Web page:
Wednesday, April 24, 2013

Worst first day ever

A.J. Clementes c.
 “F-----g s--t,” was probably not the best first phrase to utter on national TV on your first day as a news anchor.

First days on the job are generally not anybody’s best. I’m pretty sure I cried on my first day at Starbucks and I stumbled around so much on my first day at the Barnes & Noble Café, that they were probably ready to fire me right then. Several first days of my design jobs ended in fury, as well.

But A.J. Clemente had the worst first day ever….

His first job as a news anchor will not soon be forgotten. He was coanchoring at KFYR, an affiliate NBC station in Bismarck, North Dakota. He didn’t realize he was on the air when he unwittingly dropped the F-bomb. 

He was practicing pronouncing London Marathon winner, Tsegaye Kebede's, name, when the newbie let loose with a few other words that he, unfortunately pronounced all too well. Understandably startled, he stumbled through the rest of his newscast.

Van Tieu, A.J. Clemnte c.
The poor choice of words left the station hustling for damage control, and Clemente hustling for a prayer of a second newscast, which he didn’t get.

His co-anchor, Van Tieu explained.

"We were caught off guard and [Clemente] didn't realize his microphone was on. And while that was no excuse - we do train our reporters to always assume that any microphone is live at any time - unfortunately we cannot take back what was said. But, we do apologize and hope that you may forgive us and rest assured, that something like this will not happen again," she said.

Stress and nerves will definitely cause us to act inappropriately. It’s certainly not the first time something like this has happened. I’m sure everyone remembers FOX News, Shepard Smith’s embarrassing slip, reporting on Jennifer Lopez.

He seems to be taking it in stride. After the incident, he tweeted.
"Unfortunately KFYRTV has decided to let me go. Thank you to them and everyone in ND for the opportunity and everyone for the support."

Mistakes are going to happen. Your recovery is what’s most important. This is good publicity for him.

"Rookie mistake," Clemente said. "I'm a free agent. Can't help but laugh at myself and stay positive. Wish I didn't trip over my 'freaking shoes' out of the gate."

 c. 2013

Wednesday, April 3, 2013

Moving out of my comfort zone
My heart sank every time I went into the house across the street that I had built up in my head as the perfect house. It was close and easy, but the one bedroom was too cramped.

Granted, I had never actually been in it. I just knew that I wanted to move there. It was the perfect location, basically across the street from where I am now. I had seen pictures and had built a storyline in my head about how perfect it was. How dare it not meet my expectations! I had been unceremoniously thrown into the unfamiliar waters of house hunting.

I literally feel over my head and a bit discouraged some days. I’ve got great advisors, but OMG there is so much to consider! Not just minutiae I know, yet forget; but a whole other language of considerations that I’ve never heard of!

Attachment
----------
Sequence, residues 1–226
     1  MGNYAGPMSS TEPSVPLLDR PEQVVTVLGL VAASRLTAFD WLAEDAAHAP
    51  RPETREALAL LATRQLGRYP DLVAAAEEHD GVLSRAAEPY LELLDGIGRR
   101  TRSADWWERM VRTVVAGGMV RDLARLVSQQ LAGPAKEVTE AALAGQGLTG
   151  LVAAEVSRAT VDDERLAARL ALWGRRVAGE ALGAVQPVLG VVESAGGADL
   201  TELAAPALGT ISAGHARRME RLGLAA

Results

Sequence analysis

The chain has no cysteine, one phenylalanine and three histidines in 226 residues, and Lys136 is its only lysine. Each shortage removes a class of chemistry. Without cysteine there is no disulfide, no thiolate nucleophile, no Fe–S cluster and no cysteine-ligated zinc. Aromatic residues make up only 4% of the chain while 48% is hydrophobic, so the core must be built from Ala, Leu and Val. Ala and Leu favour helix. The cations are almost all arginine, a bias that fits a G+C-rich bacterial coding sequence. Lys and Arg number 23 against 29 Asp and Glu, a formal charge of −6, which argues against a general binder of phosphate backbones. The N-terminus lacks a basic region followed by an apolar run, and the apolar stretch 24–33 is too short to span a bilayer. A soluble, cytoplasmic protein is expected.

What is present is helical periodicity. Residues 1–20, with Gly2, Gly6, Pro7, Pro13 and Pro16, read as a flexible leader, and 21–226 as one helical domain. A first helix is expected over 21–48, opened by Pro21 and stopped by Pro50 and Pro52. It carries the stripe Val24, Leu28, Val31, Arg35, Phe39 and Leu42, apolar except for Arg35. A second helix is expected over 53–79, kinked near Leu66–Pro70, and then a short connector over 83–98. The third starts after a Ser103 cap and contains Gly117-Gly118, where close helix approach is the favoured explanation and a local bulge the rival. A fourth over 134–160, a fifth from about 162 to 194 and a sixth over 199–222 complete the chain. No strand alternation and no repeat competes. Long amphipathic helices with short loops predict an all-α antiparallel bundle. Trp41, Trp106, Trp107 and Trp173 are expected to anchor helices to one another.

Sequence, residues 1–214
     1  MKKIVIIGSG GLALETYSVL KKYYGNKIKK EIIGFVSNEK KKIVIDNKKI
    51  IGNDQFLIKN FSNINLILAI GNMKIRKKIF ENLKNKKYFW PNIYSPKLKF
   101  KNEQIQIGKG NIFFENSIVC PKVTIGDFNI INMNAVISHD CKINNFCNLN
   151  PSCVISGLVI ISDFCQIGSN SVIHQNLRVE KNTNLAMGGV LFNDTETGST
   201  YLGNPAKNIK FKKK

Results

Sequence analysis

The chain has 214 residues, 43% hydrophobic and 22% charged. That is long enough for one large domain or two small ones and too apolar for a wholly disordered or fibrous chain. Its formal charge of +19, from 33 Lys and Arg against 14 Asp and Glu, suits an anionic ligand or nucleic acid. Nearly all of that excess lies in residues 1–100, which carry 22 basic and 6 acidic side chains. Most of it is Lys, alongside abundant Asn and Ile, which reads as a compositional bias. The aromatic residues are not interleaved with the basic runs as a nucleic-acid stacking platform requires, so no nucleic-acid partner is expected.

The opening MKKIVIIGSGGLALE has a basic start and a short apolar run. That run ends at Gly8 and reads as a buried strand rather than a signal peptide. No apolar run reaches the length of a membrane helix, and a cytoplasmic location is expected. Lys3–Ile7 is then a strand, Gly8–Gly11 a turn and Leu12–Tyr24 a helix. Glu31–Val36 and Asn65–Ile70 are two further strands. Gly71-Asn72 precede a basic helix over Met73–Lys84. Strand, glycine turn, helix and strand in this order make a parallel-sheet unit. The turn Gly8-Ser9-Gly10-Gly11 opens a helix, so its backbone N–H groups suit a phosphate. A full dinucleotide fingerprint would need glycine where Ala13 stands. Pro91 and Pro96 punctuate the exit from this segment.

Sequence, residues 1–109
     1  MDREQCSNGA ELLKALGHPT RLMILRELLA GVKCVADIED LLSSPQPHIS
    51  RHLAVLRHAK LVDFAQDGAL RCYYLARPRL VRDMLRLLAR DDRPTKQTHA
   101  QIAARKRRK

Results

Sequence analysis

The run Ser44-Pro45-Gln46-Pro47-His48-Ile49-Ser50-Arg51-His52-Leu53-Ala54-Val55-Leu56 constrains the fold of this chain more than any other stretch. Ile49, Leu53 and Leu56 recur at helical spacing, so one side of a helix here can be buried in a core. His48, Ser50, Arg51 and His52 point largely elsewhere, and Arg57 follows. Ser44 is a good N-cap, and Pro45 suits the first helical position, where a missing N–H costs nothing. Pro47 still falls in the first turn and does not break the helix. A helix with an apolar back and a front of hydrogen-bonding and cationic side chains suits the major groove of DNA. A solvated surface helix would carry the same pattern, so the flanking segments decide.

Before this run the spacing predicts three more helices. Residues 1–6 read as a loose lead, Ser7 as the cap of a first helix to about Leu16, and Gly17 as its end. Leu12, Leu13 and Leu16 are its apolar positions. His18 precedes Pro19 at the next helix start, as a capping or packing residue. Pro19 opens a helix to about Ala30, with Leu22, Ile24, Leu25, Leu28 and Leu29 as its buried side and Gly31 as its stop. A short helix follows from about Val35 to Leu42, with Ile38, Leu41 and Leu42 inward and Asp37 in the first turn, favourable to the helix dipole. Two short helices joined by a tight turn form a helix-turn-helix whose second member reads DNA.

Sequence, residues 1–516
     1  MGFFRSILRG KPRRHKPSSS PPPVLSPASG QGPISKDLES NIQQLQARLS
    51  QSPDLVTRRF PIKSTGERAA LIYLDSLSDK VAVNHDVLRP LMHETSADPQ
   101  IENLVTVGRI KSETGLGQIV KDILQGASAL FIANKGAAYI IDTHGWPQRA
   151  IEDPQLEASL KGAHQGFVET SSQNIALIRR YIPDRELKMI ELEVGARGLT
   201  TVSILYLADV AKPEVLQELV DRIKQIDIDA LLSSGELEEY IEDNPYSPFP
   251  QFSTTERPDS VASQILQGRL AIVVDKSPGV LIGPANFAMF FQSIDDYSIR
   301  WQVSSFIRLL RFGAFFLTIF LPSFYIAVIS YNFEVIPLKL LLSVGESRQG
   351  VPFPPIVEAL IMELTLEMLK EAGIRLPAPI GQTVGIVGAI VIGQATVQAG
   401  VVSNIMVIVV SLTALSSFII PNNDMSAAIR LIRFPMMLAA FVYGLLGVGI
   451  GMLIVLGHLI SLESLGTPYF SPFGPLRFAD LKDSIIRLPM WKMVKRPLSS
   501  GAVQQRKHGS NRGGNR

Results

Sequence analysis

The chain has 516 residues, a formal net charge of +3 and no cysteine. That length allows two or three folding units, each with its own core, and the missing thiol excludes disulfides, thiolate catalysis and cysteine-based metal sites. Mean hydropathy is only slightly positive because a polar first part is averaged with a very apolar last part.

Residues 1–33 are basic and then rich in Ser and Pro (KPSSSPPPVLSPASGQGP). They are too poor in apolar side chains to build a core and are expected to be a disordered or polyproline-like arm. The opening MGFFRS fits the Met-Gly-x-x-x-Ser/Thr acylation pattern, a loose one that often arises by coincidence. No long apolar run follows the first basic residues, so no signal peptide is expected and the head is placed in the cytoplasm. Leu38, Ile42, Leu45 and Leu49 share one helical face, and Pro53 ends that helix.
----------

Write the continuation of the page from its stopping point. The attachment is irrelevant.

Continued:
Did you know that mortgage literally means death-tax? Seriously.

Short-sell… foreclosure…. Oh, and pre-foreclosure doesn’t actually mean it’s for sale, even if it has a “For Sale” sign in the yard. One price for investors; but you actually want to live there? Well, the price is much higher then.

Why are homes over a decade old in crappy neighborhoods so overpriced? Why is  the “tax value” and price so different?

I feel like a bewildered stranger in a strange land. The first day I went with my realtor, [my gracious “host” in the foreign land of real estate] to look at potential places. I liked every single one of them! They all have good and bad points. I don’t want to give up storage space, just because the loft is so darn cute. This one is perfect, but it’s too far from everything.

I’m on a bit of an information overload. So many choices. What if I make the wrong one? What if I have to give up my perfect location? My worst fear is that I’ll get all moved in and regret it.

 I may decide not to move, but I refuse not to move because I am overwhelmed. If I don’t move, it will be because I made a conscious choice not to; it will be because I have decided I am actually better off where I am, through sound reasoning. It will not be the result of my freaking out and going into freeze or flight mode, as I am very apt to do.

It sometimes occurs to me in more lucid moments, that on the rare occasion when freaking out can be somewhat satisfying in a cathartic sort of way, it is rarely helpful and more often damaging. It is so much more productive to breathe through the process, enjoy the ride.

Fighting and fleeing only postpone the stressors, making the circumstances much worse than if I had just dealt with them in the first place. But it takes higher thinking to discover that.

Some days you may still find me in my protective fort I’ve constructed with, objections, over-caution, and laziness. But I’ll make sure I have some home listings to peruse.